But this is not the only way to answer the question. The other way is to consider what He always holds as most valuable. We know that He always delights most deeply in the glory of the triune God. Verse four states this explicitly: “This illness does not lead to death. It is for the glory of God, so that the Son of God may be glorified through it.” Christ valued glory and thus delayed so that Lazarus would die.
One way of answering the question, “Why did Christ delay?” is to conclude that He delayed to promote the faith of His beloved. Another way is to say that He delayed for the sake of His own and the Father’s glory. But these answers are not distinct. They are inseparably connected. Verse 40 helps us see this connection more clearly: “Did I not tell you that if you believed you would see the glory of God?” Faith sees and embraces the glory of God and further expresses this glory. God is glorified when we trust in Him.
This helps us see why God wants His children to suffer. He wants us to suffer so that we might lean more upon Him and seek Him as our refuge and hope. In this we are satisfied, and He is glorified. As we find our contentment in Him alone, especially in suffering, God becomes a greater treasure to us. He does not want us to suffer except insofar as it is used by Him for our joy which He desperately wants.
Sometimes God is glorified by removing the pain (John 11), but sometimes He is glorified by sustaining through the pain (2 Corinthians 12:1-10). We must embrace both perspectives, not one or the other. Sometimes our faith is increased by seeing the blind healed and dead raised, and sometimes it is sustained through His daily provision in the midst of the desert, death, blindness, floods and famine. God’s goodness, sovereignty and love do not prove that His children will not suffer, but that they will overcome, persevere and endure. God does not promise that we will not suffer, but that suffering will not separate us from His love (Romans 8:35-39).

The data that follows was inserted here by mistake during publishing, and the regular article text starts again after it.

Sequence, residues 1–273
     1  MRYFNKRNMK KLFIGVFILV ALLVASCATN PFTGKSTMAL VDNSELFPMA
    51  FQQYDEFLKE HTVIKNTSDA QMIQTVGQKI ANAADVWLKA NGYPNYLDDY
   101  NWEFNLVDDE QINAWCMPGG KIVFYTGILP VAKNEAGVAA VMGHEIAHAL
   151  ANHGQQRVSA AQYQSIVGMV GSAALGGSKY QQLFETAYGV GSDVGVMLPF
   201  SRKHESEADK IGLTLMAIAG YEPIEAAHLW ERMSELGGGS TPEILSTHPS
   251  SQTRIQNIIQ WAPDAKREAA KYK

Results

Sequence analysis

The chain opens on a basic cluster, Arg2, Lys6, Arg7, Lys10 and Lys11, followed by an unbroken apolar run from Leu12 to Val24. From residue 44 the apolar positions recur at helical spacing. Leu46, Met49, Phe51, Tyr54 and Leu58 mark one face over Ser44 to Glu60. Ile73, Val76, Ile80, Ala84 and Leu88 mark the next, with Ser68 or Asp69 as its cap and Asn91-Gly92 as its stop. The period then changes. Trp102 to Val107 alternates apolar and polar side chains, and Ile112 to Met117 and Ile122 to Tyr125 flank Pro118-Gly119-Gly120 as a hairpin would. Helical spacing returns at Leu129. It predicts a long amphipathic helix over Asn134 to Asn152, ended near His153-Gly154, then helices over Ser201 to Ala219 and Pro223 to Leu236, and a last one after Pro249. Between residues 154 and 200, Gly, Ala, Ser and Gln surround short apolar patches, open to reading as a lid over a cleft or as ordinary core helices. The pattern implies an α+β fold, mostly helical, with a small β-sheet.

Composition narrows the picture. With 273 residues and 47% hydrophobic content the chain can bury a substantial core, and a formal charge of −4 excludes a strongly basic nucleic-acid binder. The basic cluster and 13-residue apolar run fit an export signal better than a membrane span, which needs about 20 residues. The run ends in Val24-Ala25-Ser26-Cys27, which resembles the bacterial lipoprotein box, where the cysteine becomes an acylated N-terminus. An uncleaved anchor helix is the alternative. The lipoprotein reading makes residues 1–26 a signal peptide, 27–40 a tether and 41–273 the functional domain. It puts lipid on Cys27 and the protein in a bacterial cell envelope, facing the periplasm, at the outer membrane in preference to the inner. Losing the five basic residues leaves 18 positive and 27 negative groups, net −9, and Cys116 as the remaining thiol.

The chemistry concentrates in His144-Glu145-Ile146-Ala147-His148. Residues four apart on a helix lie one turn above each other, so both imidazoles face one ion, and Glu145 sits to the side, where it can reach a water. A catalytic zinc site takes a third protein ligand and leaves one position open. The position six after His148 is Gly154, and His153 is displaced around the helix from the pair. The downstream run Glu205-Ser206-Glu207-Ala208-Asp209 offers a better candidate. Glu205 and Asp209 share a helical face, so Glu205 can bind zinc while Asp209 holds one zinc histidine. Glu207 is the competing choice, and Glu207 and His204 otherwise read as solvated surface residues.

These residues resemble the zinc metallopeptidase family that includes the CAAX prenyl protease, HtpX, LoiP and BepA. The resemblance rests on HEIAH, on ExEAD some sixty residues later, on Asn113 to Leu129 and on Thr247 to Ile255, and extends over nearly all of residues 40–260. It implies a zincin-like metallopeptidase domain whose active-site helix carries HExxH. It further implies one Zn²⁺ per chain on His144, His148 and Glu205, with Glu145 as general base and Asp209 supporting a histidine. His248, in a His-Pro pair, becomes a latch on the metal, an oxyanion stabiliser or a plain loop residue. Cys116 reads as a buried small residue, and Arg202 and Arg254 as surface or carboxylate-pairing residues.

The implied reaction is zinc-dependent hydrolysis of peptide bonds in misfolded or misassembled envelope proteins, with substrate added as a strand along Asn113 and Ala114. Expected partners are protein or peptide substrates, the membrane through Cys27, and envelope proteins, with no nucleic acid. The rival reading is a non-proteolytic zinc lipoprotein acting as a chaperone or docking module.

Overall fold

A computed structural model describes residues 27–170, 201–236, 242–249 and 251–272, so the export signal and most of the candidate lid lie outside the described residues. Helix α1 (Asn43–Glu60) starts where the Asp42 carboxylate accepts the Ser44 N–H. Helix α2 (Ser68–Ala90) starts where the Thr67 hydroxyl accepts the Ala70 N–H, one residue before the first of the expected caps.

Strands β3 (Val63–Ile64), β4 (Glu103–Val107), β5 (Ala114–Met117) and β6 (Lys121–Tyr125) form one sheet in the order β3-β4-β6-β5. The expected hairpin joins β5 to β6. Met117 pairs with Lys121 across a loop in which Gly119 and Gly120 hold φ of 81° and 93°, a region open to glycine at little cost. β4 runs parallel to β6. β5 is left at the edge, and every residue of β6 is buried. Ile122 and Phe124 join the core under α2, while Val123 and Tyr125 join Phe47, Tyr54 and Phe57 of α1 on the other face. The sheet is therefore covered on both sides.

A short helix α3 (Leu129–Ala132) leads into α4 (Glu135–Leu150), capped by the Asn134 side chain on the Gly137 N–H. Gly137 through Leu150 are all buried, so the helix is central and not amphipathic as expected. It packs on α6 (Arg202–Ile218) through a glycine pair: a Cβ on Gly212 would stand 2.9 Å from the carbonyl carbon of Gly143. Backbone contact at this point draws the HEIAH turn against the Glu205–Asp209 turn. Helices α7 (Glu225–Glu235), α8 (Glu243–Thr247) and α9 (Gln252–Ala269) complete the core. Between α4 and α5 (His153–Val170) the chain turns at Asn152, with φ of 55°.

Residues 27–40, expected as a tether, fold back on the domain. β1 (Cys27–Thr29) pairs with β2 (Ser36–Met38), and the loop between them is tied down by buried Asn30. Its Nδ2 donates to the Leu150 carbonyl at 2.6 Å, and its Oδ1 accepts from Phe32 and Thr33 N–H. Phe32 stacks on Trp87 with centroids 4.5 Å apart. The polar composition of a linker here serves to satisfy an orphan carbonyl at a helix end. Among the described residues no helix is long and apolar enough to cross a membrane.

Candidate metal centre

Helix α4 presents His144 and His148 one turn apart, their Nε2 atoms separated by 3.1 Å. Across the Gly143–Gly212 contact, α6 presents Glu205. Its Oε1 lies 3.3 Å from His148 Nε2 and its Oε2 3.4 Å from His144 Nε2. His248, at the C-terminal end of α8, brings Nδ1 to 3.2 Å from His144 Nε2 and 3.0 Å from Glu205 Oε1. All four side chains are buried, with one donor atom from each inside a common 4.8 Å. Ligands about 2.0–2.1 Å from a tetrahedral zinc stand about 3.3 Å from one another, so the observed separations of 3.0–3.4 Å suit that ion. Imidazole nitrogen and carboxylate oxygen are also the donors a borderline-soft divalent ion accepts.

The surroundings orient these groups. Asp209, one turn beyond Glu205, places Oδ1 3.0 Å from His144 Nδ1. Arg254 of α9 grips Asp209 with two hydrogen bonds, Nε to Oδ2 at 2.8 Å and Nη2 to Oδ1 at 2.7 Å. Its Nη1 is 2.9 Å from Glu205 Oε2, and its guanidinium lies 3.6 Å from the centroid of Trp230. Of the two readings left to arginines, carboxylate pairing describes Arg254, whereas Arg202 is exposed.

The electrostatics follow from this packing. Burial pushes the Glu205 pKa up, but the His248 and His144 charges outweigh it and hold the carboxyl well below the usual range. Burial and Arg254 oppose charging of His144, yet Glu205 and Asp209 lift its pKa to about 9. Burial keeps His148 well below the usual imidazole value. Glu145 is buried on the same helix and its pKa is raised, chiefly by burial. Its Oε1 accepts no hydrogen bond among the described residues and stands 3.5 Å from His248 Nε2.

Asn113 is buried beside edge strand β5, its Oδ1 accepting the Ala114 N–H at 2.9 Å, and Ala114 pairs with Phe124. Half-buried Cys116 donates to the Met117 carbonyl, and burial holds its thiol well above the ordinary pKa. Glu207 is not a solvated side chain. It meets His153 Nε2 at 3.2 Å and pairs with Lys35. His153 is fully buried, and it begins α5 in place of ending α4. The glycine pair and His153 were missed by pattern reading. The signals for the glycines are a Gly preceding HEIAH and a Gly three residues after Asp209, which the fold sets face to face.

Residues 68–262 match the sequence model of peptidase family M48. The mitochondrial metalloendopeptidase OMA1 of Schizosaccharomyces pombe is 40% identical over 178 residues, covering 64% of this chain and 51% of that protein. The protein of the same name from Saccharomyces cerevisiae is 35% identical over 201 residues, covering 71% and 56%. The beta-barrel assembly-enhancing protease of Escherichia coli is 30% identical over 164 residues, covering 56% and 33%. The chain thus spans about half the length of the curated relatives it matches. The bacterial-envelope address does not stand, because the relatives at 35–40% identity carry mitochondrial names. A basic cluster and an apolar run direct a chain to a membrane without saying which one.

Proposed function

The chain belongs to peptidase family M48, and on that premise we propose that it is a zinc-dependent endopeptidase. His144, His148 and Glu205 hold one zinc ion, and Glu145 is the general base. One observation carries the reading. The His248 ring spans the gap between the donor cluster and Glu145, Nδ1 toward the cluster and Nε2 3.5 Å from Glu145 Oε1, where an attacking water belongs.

Does God want His children to suffer? It depends on what you are asking. Does He enjoy our pain? Of course not! But does He enjoy what is accomplished through it, namely our eternal joy and His infinite glory? Of course! To Him be the glory.
And have you forgotten the exhortation that addresses you as sons? “My son, do not regard lightly the discipline of the Lord, nor be weary when reproved by him. 6For the Lord disciplines the one he loves, and chastises every son whom he receives.” 7It is for discipline that you have to endure. God is treating you as sons. For what son is there whom his father does not discipline? 8 If you are left without discipline, in which all have participated, then you are illegitimate children and not sons. 9 Besides this, we have had earthly fathers who disciplined us and we respected them. Shall we not much more be subject to the Father of spirits and live? 10 For they disciplined us for a short time as it seemed best to them, but he disciplines us for our good, that we may share his holiness. 11 For the moment all discipline seems painful rather than pleasant, but later it yields the peaceful fruit of righteousness to those who have been trained by it.
The Village Church